PUBLICACIONES

TIERRA DEL FUEGO: TREES WITHOUT SHADOWS
INTERVIEW JOHN K. GRANDE 2005
TO BE IN MATTER, TO BE IN SCULPTURE
STEEL HORSES
STONE AND IMAGE
INTRODUCTION - by Tim Scott
STEEL WILLOWS
ABOUT FRANCISCO GAZITUA
MATTER
INTERVIEW TO ANTHONY CARO
TEXTS LILY KASNER
BLACK AND WHITE
BRIDGES
ART AND SCIENCE
THE COMMITMENT WITH SCULPTURE IN THE PUBLIC SPACE
 

TO BE IN MATTER, TO BE IN SCULPTURE
Publicado en libro Escultura Chilena Contemporanea, Editorial Artespacio 2004
Francisco Gazitua

To be in matter – to be in sculpture.

My life as a sculptor has been a cohabitation with material.

This thirty-five year coexistence constitutes my deepest order.

I've lived with the material, accepted the fact that I am a stonemason, carver, ironworker, potter, technical drawer, industrial welder, engineer metallic and wood carpenter, instrument maker, worker by trade, geometric planner, botanist and geologist.

With the tools of this trade in my hands, I've wandered the labyrinths of matter and have discovered in it a deep intelligence similar to our own.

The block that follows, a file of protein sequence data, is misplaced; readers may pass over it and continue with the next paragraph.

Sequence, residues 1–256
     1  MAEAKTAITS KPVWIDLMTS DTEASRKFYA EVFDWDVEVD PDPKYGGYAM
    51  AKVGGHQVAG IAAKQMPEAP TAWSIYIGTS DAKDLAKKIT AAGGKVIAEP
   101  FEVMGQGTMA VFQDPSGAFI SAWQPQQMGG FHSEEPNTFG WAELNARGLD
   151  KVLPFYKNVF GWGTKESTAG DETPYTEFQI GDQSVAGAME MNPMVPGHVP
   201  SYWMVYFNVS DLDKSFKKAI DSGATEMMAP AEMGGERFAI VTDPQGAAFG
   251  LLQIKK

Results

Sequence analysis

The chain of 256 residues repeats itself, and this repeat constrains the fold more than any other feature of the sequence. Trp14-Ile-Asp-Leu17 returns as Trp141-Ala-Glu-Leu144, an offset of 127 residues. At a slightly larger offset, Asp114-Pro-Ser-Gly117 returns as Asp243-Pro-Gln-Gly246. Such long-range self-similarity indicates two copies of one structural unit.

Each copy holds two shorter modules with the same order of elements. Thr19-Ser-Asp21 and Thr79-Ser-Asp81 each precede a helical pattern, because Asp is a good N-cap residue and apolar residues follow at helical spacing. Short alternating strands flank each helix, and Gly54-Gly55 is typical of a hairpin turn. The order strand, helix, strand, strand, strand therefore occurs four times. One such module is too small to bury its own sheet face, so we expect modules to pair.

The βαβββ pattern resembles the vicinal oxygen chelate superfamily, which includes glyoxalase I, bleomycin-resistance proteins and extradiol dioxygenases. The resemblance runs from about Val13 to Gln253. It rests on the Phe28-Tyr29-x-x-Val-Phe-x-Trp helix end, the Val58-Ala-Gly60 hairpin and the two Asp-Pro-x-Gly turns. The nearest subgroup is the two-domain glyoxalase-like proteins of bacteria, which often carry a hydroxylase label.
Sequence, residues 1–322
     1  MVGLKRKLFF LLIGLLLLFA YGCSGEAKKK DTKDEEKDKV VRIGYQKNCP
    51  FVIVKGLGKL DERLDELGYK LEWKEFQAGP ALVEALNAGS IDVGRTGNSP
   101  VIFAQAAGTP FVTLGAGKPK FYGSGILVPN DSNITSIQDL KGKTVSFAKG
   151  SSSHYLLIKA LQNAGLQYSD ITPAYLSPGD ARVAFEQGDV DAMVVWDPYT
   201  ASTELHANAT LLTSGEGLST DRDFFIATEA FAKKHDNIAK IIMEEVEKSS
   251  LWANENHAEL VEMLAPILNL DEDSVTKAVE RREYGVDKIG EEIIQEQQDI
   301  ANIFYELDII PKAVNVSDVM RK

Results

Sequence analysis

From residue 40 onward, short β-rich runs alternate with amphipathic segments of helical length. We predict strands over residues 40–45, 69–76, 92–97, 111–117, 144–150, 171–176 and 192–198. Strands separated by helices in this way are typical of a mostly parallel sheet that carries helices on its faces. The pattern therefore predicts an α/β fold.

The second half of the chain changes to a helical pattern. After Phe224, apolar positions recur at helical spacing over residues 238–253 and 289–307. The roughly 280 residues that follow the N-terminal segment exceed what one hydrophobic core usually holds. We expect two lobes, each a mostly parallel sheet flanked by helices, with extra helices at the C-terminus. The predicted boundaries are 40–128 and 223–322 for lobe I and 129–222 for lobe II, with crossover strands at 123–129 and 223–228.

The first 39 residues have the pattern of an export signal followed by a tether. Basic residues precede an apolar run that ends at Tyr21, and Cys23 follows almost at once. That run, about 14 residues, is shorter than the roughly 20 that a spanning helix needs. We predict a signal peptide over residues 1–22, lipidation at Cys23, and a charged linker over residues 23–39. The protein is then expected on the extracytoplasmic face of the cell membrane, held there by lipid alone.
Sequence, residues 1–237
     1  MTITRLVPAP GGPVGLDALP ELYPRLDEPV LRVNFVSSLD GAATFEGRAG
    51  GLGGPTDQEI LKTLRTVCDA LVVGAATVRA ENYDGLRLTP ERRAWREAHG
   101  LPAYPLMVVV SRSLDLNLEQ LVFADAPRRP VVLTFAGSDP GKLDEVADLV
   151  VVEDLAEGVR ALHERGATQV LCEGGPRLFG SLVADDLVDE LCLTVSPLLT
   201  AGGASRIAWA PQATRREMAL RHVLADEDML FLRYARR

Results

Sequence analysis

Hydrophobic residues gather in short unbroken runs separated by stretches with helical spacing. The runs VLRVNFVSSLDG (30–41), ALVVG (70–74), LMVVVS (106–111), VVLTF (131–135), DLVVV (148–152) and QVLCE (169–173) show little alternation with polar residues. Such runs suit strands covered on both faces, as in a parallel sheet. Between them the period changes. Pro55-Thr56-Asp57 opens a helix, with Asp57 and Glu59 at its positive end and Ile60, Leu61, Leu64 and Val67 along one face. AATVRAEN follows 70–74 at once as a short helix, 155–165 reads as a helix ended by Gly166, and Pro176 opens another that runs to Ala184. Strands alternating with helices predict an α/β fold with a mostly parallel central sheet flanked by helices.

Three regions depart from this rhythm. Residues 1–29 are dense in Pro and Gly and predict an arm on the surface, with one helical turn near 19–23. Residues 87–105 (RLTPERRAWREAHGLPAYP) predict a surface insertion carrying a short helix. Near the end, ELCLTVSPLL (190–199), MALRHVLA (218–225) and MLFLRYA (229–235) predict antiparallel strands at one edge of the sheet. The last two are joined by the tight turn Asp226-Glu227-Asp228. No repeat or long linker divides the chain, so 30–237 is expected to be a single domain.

An intelligence that has one advantage over ours, that of the human race.

A stone, a piece of any rock or bonze lives in peace in its own tranquility, in the silent coherence of its crystals and mathematic formulae, embodied in the transparency of quartz, the red grains of southern oaks, or in the blue translucency of icebergs, in the flexibility of water, in the softness of sand.

A piece of stone lives without explanations, without justification or defense, without trajectory.

It has taken many years to understand the silence of stone, its strict laws of functionality, its exact manner of being.

It has taken many years to accept its indifference to the human species, of which I form a part.

I took a step forward and invited myself to live amongst the stones in a quarry, at the foot of the Andes. Hammer in hand, I have transformed tons of this matter, from geological to cultural state. Certain masses as well, from its geological state to functional state, in design and architecture.

At the end I was there.

In the interior of stone, in its illuminated temple, I spent all the time I could, almost blew through its insides, through its pores, searching for osmosis.

Its peace lives within.

Finally I learned that, as with stone or iron, a sculptor has no path to traverse, for his work serves no end, but instead shows the instant in which a man finds a mutual understanding with the material.

Because the life that runs through the veins of a sculpture I am inspired by this: the same stubborn life is the admirable destiny of the material.

In conclusion, I follow this example of the given stone or iron - that a sculptor competes with nobody, has nothing to prove to anyone, has no fixed path to follow, and finally, his work serves no end, but only in the best case is to reveal:

An instant when man understands, and is understood by his material.

Ver Mas